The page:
In order to provide for the adjustability between the main lug chain assemblies 16, 18, as opposed to the adjustability between adjacent lugs within each unit, lug chain assembly 18 remote from the article metering and loading side of the machine is adjustable transversely towards and away from the other assembly 16 alongside the article infeed station which is fixed relative to the article infeed assembly 20.

Thus, with reference to FIGS. 13 and 14, lug chain assemblies 16, 18 are shown in FIG. 13 at the maximum spacing apart for supporting and conveying larger sized cartons. Lug chain assembly 18 is moved transversely towards and away from lug chain assembly 18 by screw driven slide guides (not shown but which are known per se). In the arrangement shown in FIG. 13, retractable support platforms 70, 72 are provided to give additional support to the underside of a carton `ct` intermediate the lug chain assemblies 16 and 18. These support platforms are carried by arcuate rods 74, 76 which move in guides 78, 80 and which include a series of teeth which mesh with screw threaded adjustment shafts 82 and 84 respectively. Thus by rotating the adjustment shaft the guide rods can be extended to put the support platforms 70, 72 beneath the carton `ct` carried by the lug chain assemblies 16 and 18 or retracted along the guides 78, 80 provided in the lug chain assemblies. Normally when the support platforms are in their retracted position as shown in FIG. 14, lug chain assembly 18 will have been adjusted to move inwardly so that it is closely adjacent the fixed lug chain assembly 16. In this configuration the lug chain assemblies are configured to process an intermediate size carton as illustrated in FIG. 14. In some arrangements, where it is required to process small cartons of, say, 22can configurations, the lug chain assembly 18 can be moved to an inoperative position so that the carton is supported and conveyed only by lug chain 16. This general arrangement is shown in FIG. 15 where lug chain assembly 18 is shown in a lowered inoperative position. The lug chain assembly 18 is raised and lowered simply by means of cranks and guides as is well known in the art.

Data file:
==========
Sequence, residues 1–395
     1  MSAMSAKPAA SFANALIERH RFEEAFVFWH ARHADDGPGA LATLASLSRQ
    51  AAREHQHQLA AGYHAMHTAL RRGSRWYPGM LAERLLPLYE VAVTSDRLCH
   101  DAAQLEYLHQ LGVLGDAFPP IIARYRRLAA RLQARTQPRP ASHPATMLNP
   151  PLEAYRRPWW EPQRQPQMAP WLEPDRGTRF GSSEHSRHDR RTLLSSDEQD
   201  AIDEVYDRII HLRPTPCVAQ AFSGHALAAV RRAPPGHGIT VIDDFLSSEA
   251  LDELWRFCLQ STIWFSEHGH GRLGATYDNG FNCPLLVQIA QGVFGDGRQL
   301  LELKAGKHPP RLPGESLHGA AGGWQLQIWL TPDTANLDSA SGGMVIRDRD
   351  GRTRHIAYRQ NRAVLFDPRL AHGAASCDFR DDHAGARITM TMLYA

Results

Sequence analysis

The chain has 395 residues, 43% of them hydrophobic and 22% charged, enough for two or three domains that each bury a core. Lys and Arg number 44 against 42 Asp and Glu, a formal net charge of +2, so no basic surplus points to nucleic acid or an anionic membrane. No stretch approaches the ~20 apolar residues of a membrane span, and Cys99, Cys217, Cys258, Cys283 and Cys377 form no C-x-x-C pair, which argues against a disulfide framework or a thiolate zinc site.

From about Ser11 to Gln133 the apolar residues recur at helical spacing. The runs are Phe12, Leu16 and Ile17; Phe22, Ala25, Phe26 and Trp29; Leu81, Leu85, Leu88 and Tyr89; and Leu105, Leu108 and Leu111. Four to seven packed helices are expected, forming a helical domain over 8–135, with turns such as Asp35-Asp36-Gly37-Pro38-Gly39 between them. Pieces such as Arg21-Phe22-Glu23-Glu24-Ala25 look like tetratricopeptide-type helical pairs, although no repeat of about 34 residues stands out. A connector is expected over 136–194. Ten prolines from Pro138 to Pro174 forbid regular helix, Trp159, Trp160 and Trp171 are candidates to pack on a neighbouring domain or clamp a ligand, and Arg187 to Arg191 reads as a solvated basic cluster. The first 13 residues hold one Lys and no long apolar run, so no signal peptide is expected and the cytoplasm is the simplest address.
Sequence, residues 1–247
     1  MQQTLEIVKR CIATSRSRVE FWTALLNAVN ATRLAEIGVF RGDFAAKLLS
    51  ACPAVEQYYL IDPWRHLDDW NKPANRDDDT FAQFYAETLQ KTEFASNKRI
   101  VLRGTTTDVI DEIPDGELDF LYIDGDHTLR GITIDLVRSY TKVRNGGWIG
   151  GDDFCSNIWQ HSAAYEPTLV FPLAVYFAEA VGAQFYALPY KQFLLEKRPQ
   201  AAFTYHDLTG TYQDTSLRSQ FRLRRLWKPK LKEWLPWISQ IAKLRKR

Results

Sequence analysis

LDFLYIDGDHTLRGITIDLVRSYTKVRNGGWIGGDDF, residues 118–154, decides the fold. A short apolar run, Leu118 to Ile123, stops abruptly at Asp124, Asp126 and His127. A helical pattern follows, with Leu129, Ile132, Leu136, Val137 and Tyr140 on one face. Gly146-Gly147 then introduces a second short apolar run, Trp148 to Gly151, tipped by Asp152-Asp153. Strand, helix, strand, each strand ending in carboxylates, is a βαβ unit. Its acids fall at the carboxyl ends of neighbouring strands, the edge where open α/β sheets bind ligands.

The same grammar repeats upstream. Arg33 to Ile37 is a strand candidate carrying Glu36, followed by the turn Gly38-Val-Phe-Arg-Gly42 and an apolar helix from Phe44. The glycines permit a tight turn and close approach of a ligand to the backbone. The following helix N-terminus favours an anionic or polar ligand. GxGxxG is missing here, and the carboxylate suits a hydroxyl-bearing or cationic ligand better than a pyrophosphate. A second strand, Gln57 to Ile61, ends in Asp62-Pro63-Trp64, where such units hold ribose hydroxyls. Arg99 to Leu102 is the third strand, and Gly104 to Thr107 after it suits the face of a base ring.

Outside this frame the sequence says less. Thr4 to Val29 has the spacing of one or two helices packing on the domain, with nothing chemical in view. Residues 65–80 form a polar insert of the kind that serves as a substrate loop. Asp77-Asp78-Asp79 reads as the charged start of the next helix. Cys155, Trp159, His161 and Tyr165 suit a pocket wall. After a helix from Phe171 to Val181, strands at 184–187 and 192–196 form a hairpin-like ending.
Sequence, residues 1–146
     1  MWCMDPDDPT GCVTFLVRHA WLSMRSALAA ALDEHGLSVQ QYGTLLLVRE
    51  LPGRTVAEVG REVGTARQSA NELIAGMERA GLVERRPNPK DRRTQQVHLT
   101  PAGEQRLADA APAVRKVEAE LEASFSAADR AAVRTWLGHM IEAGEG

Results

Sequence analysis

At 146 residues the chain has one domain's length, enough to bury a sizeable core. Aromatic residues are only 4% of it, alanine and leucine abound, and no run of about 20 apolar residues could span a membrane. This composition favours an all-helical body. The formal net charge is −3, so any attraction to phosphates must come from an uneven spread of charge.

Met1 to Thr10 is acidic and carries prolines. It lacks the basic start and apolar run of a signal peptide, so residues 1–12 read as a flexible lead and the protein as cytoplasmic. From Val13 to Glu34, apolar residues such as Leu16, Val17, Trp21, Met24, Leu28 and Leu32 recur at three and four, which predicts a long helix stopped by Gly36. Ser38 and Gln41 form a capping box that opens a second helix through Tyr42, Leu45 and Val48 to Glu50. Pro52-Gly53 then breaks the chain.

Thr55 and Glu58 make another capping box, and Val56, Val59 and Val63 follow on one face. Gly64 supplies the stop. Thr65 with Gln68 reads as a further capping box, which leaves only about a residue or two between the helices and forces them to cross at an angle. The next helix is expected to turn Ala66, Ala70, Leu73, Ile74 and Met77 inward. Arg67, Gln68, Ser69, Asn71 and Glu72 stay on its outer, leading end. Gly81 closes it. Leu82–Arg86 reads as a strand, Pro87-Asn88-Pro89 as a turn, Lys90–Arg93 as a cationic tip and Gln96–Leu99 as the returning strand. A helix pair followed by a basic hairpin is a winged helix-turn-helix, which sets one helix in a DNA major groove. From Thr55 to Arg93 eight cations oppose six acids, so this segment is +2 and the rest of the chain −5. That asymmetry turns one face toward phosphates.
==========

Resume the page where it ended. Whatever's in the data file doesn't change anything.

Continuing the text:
Thus, main lug chain assembly 18 is adjustable both transversely and vertically with respect to lug chain assembly 16 in accordance with the size of package to be processed through the machine. Likewise, as described, the spacing between successive metering bars `m` is adjustable by removing or adding metering bars to the endless series of carriers provided in the metering bar chain and sprocket assembly 54, 56.

Adjustment of the spacing between adjacent lugs in each main lug chain assembly is also provided as described.

Moreover, at the infeed end of the machine, adjustment of various machine components to accommodate carton blanks of a range of sizes is provided. Thus, the transfer belt assemblies 42, 44 are adjustable transversely relative to one another normally by shifting assembly 44 with respect to assembly 46. If appropriate in relation to carton size only belt assembly 42 may be operative. Likewise, the side lug assemblies 50, 52 are transversely adjustable to the same end normally by shifting side lug assembly 52 relative to assembly 50. The two units of the twin overhead rotary carton opening devices 46 also are adjustable both transversely relative to one another and vertically to account for varying heights of different carton sizes. Likewise, the overhead lug chain assembly 48 is height adjustable for the same reason. The specific mechanisms for effecting such adjustments are not critical and can be put into effect by those skilled in the art.

Patent Citations
Cited PatentFiling datePublication dateApplicantTitle
US3325977 *Nov 22, 1963Jun 20, 1967Rolf KirstenPacking machine
US3509681 *Aug 25, 1966May 5, 1970Fmc CorpCartoning machine and method
US4180154 *Apr 4, 1978Dec 25, 1979Wikings Mekaniska Verkstad AbDual inside/outside conveyors with separate drives